I thought about what Frank said about writing, and I was afraid. Fearful I would write and lose everything — again. I worried I may not have the talent or love to even write anymore. So, I called my Mommy. She firmly and with love asked/declared what did I have to lose? And with that, I wrote my first poem again, dedicated to the woman in red displayed at The Village Gallery. The piece was entitled Volumptous Woman.
Now, I give this detailed story so you understand that writing again took time. And took me getting into a place outside of my comfort zone. A place of forgiving myself and moving in faith.
Let me be clear, it was in Montgomery that I not only wrote again, but it was the first time I shared my poetry behind a microphone. Previously in high school, I gave my work for people to read, but not for me to speak.
I love Alabama State University because it was at my alma mater I found my voice.
In hindsight, it was an aggressive find. Perhaps because I spent so long not using my voice. You can ask anyone who knows “Poetic Puff” from State, I was powerful. But I Know, my power came from a place of pain. So much so, F*** boy poems and Black Power spoken word became my “stamp”. When I performed, I did not need a microphone. I was the microphone.
It wasn’t until I met my now-husband that I realized I was tired of being angry and I did not have to be angry and I could choose not to be angry. Terrence showed me a new way. A way of being heard in a vulnerable and soft state, in a fun and easy way. And that, family, was foreign to me in a man. Because it was a way I did not communicate or was, especially outside of my immediate family.
There was absolutely resistance to this renewed way of being. I believe my childhood self fought against Terrence and the pain I was trying to release… more often than I realized at the time.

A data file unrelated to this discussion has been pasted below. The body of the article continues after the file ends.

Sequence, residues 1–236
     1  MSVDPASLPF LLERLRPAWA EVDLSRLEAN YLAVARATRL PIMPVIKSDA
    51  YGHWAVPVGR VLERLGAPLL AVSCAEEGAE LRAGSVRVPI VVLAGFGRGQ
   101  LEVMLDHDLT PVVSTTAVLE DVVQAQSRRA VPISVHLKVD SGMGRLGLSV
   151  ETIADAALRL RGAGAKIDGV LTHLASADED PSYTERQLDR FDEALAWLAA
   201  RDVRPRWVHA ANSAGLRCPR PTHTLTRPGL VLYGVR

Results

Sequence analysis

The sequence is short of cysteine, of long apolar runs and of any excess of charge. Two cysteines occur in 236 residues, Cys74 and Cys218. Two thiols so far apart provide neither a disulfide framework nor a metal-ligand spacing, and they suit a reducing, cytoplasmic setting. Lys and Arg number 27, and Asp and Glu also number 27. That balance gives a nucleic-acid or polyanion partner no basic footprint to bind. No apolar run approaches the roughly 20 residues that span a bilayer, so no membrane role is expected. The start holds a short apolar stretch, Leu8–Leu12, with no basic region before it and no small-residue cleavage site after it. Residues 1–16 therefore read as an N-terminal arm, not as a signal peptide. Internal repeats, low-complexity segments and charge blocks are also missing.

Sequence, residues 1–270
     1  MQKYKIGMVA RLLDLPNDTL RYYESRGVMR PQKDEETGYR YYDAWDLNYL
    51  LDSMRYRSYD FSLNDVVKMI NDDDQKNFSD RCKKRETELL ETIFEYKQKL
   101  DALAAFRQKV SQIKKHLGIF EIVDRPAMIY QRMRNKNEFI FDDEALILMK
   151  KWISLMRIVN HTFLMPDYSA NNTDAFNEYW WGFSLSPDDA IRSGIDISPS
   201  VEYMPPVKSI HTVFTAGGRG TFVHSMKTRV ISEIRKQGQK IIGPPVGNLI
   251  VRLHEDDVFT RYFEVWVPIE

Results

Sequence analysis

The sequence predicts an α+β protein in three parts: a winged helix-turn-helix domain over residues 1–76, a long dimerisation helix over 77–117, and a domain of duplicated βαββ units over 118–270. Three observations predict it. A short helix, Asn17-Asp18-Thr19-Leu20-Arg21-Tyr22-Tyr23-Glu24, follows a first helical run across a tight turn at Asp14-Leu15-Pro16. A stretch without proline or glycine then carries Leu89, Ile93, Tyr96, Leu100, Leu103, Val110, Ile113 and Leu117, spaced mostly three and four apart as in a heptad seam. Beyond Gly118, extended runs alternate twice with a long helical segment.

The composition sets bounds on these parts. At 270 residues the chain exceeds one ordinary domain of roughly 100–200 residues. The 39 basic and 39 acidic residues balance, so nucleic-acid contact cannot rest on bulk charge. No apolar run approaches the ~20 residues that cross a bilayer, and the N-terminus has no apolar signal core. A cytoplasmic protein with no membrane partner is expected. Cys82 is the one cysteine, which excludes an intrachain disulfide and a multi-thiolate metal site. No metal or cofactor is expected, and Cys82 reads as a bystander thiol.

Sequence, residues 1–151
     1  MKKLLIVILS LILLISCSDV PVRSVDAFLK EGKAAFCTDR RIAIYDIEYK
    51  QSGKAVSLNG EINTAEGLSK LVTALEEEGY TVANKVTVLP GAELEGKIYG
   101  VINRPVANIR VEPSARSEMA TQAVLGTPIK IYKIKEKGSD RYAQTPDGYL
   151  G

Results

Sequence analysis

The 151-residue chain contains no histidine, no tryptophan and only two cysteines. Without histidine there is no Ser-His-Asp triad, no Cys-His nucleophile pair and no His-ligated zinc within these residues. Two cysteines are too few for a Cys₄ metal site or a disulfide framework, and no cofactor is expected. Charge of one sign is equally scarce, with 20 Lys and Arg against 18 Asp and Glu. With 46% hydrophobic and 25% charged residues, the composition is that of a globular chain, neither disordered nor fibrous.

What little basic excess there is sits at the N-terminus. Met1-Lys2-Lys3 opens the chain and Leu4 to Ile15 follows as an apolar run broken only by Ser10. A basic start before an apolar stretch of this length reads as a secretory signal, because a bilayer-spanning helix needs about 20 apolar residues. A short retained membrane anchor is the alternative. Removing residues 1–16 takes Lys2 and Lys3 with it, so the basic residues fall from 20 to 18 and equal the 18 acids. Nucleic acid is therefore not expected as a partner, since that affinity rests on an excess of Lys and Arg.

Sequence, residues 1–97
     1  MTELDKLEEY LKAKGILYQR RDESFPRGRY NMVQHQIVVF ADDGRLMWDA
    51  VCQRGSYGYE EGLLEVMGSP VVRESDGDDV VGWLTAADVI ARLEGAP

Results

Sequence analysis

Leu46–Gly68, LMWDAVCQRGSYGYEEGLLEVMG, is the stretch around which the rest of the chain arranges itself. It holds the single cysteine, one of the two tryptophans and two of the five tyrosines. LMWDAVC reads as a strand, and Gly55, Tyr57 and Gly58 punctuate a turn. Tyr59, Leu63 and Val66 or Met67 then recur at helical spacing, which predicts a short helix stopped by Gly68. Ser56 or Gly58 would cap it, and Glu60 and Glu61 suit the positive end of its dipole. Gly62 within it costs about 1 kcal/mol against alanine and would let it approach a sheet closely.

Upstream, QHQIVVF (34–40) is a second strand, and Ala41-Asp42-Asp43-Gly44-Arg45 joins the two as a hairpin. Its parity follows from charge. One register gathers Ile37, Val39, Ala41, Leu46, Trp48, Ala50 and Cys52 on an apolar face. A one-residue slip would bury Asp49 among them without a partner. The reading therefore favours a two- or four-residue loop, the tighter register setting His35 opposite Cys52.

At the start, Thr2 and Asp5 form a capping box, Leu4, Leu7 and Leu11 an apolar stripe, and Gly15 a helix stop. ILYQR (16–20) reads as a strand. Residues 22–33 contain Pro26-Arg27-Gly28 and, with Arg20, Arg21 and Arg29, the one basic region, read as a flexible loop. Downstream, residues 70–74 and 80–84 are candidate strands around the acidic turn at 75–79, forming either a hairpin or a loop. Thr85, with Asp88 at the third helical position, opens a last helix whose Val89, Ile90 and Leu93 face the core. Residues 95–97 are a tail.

What I did know is I didn’t want to write or perform poetry where I had to yell or be aggressive to be heard. My life was changing with him in it and I, subconsciously, took a step back to see what was happening to, with, and for me.
Related text: Our Love Story
Seven years later, here I am. A place where what was is important, but not critical. A place where I respect and own who I am. NOT what has happened to me or what may happen to me, but who I am now.
And family, I am wonderful. I am a strong individual full of thoughts of a better world for youth, full of playfulness with my corny dance moves and slow jokes. I am a bomb-ass writer that sees the world with the perspective of hope and “a teaspoon of truth”, a writer who honors her craft and the responsibility it has. I am a battling gourmandizer, who fasts to learn discipline, not just in food but in all The Most High has planned for me.
I am beautiful. I am no longer allowing stress a place in my space. I am supportive of those I love. I am a mother who knows The Most High is real. I am a daughter who sees light in her mother’s eyes. I am a sister who smiles at the wisdom her brothers and sisters possess. I am a friend that loves from a distance and up close as needed. I am a wife that prays and believes in all our Abba Yah has planned. I am a poet on paper and in living.
I am me.
And I am so thankful that The Most High has brought me through it all, so I can see that I am whoever I say I am. And I am for Him.
Shalom, Family. ❤
Eve’s Who’s That Girl just started playing in my head. Lol.
Random, gotta share this playlist I’ve been grooving to while editing this post lol